We all have them: friends who love all things exercise, routinely adopting the latest fitness program, posting their exercise regimens on Facebook and inadvertently making the rest of us feel guilty for watching another episode of Orange is the New Black on Netflix. Their enthusiasm is infectious, especially at this time of the year when many of us – due to New Year’s resolutions or a bit too much pie and general merriment during the holidays – feel compelled to get off the couch and exercise.
No one doubts that exercise is healthy for you, but be careful when selecting a fitness program. Traditional gyms still abound, but there has been a rise in gyms or programs within gyms that are specifically focused on new and innovative workout techniques. One example is CrossFit, a program that combines cardiovascular exercise with strength training and has become a popular way for fitness enthusiasts to complete challenging workouts. Despite the surrounding controversy over higher rates of injury associated with Crossfit, many people swear by the high-intensity workouts. Then there are interval programs like Orangetheory Fitness®, dance-inspired work-outs liked Groove and Bokwa (as well as the more well-known Zumba), and so on and so on.
Enough to drive you back to the couch, isn’t it? Well, before you do, remember that getting some exercise compared to no exercise will always be beneficial. Exercise can make it possible to prevent certain illnesses and help you live longer. And the good news: recent studies show that there may indeed be a very happy middle ground.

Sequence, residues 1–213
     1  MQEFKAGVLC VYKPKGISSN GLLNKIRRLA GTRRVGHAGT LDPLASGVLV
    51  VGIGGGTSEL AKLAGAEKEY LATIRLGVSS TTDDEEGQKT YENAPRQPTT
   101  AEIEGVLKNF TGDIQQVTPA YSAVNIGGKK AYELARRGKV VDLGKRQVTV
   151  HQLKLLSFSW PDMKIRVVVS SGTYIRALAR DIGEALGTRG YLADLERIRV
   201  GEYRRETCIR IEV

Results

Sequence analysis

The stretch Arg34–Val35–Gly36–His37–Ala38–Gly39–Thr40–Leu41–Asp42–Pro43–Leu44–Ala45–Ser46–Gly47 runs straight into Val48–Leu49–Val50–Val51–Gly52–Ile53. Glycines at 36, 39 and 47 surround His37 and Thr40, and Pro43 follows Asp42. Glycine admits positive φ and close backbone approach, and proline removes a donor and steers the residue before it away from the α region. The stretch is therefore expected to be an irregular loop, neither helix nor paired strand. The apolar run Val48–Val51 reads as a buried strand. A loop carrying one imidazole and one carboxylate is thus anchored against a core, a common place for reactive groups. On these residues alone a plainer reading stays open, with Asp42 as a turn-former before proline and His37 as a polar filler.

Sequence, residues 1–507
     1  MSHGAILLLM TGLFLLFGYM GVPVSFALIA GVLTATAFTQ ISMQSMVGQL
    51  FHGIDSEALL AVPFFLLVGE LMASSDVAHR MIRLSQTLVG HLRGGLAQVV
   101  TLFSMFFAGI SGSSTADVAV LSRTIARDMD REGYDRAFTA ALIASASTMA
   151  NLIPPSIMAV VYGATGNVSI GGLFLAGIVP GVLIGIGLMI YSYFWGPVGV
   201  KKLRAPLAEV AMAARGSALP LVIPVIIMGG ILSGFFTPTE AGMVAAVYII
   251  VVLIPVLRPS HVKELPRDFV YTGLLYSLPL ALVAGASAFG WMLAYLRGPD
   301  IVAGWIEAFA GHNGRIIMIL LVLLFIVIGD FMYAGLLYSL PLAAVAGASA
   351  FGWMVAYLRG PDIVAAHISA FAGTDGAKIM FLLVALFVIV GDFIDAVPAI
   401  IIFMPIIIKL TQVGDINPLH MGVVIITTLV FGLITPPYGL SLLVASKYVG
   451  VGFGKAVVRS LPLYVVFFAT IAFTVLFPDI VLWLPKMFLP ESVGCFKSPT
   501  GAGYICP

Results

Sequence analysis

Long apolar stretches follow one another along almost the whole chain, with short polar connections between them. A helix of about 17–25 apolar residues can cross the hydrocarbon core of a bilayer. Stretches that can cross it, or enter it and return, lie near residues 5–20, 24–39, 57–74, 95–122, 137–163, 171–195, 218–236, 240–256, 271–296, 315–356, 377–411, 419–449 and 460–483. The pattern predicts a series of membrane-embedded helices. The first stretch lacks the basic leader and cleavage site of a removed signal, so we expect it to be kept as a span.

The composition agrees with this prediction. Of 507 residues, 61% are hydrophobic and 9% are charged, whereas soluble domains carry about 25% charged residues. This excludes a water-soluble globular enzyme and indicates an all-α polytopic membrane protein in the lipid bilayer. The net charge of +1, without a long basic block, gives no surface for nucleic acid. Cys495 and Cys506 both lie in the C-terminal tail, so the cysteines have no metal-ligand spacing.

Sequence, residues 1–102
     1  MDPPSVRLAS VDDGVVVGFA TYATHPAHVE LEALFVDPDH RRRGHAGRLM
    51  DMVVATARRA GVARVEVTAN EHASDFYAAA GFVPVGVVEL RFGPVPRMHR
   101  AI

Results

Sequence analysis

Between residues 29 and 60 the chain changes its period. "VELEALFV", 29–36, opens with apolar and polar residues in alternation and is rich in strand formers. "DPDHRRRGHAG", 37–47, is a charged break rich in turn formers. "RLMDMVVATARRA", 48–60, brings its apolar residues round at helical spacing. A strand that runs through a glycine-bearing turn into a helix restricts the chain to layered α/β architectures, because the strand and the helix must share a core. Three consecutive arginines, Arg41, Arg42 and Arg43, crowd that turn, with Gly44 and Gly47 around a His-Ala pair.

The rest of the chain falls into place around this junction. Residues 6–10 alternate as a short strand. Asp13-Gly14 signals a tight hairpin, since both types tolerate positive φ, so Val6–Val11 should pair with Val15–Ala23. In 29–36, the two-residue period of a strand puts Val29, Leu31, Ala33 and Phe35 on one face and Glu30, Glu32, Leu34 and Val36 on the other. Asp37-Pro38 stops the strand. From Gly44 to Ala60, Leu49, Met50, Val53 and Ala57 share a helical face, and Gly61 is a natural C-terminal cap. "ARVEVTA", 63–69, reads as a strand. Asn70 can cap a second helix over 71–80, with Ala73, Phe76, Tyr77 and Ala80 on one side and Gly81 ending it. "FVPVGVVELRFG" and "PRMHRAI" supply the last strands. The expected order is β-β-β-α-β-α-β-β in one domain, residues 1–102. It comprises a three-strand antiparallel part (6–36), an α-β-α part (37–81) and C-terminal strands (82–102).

Rather than aiming to do intense workouts every day or jumping on the latest fitness trend, strive for moderation. Current guidelines recommend 150 minutes of moderate exercise per week to maintain health and fitness levels (a little over 20 minutes a day). This can easily be achieved by taking short walks – invest in wearable devices such as the FitBit® to help you keep track of exercise like daily steps or heart rate – and practicing other low-impact activities, such as yoga. In fact, in the past few years yoga has gained momentum and is cited by many as a way to prevent injuries.
Regardless of which type of workout you most enjoy, don’t push yourself too far. Remember that what works for others might not work for you and follow these tips to ensure safe workouts:
If your budget allows, consider a session with a personal trainer to develop a regimen specific to you and your goals. A trainer can also ensure you are practicing good form and reducing the risk of injury during exercise.
Most importantly, remember to listen to your body. Work out at your own pace to achieve your desired results.